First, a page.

Most people do not go to Japan to shop, however. Rather, they come to experience the culture and the local cuisine. As a Norwegian with very little taste for seafood, this trip has been quite an experience, as the Japanese diet is very heavy on ‘the cuisine of the sea’, with shrimp, crab and fish part of most meals. On the first morning at our guesthouse, we were served a Japanese breakfast consisting of fish, miso soup, seaweed, a bowl of rice and pickled vegetables, all of which would be considered a full dinner if it had been served in the West. Nishiki Market (or the ‘Kitchen of Kyoto’) in downtown Kyoto is a food market of epic proportions. Stalls upon stalls cover the street, which stretches into the distance and runs parallel to the bigger Shijō-dōri. The air is heavy with the smell of fish and spices, and there are merchants who cry their wares to attract the attention of potential customers. Under the colourful vaulted ceiling of the market, it is easy to lose yourself while tasting a variety of different Japanese foods, smelling tea leaves and watching fellow tourists and locals shuffle along in an attempt to get to the stalls. It is truly an experience not worth missing out on!
What is Kyoto without a cup of tea? It is the home to 1.5 million people, geisha (more commonly known as maiko and geiko by the locals) and, most importantly, the tea ceremony. The focus of these ceremonies is the matcha tea, a green powder mixed in boiling water which turns into a bright green, creamy liquid. Tea ceremonies are simply a way of welcoming a guest with tea, but it has become ritualised to an unimaginable degree over the last 500 years, and both the host and the guest have to conform to a strict set of rules. For those who can enjoy this Japanese tradition, prices normally start at 2000 yen per person, but this price can easily become more expensive if one requests a private session. For those who would rather prepare their own cup of tea (grounding matcha and making the sweets), there are alternative experiences which are slightly cheaper, starting at 1500 yen.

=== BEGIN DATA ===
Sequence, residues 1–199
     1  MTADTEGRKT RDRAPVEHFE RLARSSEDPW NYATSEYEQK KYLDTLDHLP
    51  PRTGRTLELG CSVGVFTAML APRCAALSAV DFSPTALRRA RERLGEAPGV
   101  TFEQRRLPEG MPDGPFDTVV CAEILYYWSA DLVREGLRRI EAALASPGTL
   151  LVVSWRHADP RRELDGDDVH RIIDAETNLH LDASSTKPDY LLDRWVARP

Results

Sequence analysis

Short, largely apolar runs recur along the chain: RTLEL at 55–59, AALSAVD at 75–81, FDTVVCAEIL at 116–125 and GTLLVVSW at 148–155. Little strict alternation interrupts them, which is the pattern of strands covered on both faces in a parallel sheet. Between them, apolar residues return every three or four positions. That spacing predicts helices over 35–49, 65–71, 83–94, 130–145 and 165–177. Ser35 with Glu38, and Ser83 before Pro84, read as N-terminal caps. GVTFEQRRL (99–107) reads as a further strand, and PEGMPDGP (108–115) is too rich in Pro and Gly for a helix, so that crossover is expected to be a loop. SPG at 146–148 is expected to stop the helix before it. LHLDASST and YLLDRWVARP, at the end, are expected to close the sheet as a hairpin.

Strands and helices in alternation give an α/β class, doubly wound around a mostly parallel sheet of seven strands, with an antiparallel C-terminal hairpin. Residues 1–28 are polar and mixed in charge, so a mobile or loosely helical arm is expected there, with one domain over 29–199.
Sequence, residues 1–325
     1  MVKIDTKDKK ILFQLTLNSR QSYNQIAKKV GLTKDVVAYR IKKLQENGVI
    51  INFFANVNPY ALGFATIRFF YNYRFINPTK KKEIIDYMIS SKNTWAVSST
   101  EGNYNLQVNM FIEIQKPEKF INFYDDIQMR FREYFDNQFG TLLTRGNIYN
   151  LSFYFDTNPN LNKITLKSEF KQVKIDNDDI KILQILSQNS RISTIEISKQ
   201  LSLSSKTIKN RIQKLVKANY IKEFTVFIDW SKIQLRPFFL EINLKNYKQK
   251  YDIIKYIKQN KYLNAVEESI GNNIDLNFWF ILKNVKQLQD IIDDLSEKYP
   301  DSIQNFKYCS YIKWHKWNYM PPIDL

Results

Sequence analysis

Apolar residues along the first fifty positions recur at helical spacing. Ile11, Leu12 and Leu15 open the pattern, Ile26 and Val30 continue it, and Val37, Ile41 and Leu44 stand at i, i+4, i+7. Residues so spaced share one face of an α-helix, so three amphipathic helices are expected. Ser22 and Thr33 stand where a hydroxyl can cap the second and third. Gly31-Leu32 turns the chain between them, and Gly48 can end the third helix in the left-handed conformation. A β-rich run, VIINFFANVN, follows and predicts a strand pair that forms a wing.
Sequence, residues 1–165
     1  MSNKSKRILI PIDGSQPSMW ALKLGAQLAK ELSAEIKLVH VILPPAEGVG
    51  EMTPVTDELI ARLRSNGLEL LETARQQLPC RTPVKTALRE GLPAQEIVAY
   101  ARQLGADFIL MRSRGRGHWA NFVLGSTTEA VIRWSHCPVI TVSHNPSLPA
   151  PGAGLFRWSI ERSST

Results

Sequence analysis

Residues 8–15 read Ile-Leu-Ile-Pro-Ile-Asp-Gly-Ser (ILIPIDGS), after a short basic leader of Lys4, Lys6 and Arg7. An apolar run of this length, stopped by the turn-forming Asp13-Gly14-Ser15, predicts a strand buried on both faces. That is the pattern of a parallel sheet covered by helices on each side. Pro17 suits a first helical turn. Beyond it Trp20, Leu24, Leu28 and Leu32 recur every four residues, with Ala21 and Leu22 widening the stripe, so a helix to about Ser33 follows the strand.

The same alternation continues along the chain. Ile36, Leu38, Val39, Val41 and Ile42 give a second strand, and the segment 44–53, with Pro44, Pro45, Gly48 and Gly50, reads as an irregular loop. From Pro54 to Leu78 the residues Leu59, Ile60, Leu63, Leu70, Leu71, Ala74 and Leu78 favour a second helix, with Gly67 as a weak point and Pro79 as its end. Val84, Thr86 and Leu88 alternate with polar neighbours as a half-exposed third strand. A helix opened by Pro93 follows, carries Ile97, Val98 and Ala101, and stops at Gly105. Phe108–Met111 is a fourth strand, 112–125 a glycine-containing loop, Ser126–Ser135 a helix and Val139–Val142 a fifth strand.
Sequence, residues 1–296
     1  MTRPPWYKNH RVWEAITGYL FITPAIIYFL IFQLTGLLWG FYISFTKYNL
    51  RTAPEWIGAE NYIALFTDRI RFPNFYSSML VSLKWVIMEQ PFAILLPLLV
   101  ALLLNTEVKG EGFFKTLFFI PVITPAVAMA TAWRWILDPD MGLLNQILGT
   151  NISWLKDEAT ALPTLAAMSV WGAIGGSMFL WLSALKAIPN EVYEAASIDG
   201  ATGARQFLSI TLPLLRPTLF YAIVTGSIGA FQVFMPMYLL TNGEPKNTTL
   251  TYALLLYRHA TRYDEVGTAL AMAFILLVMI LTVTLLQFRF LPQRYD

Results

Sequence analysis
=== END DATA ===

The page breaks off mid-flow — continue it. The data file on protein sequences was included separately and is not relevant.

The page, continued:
Tradition is important here. Its two thousand religious centres (of which 1600 are Buddhist temples and 400 are Shinto shrines) form safe havens from the urban world, and seem to transport you right back to pre-industrial Japan. Once inside, you forget about the troubles of your life, the noise from traffic outside fades away, and you forget that right beyond the gates there is a highly urbanised community. You experience a feeling of calm while wandering along the grounds of Eikandō, studying the architecture of these magnificent buildings, and visiting their grand halls and tranquil gardens. Yet, there was also an excitement in squeezing through the crowds in order to capture the perfect shot of the gold leaf temple of Kinkaku-ji, one of Japan´s most popular buildings. A funny memory I made on the trip was while I was at the flea market in the Tō-ji temple after being caught outside in the pouring rain. I got so thoroughly soaked that one of the merchants must have pitied me because he offered me a towel to dry myself with!
If you have time, the Fushimi Inari-taisha is one of the most stunning temples in the area, and is no more than a short train ride away from the city centre. Sitting at the base of the mountain Inari, there are trails of orange torii (commonly found at entrances to Shinto shrines) that lead all the way up to the top of the mountain, as well as trails to many smaller shrines on the way.
Kyoto is one of the best preserved cities in the country, not simply due to its two thousand religious centres, but because it is brimming with ancient palaces, gardens and architecture. The city can boast that it was the imperial capital of Japan for over a thousand years until the 19th century when it was moved from Kyoto to Tokyo by the emperor Meiji in 1889. The imperial palace is worth a visit, as is the Nijō Castle. Walking through the blooming gardens of Nijō must have been one of the most magical experiences of my life. I strolled beneath the pink and white plum blossoms, their flowers filling what seemed like every inch of their branches.
Overall, then, my opinion is that whether you like history and temples, food or shopping, or a combination of all these things, Kyoto is the city for you!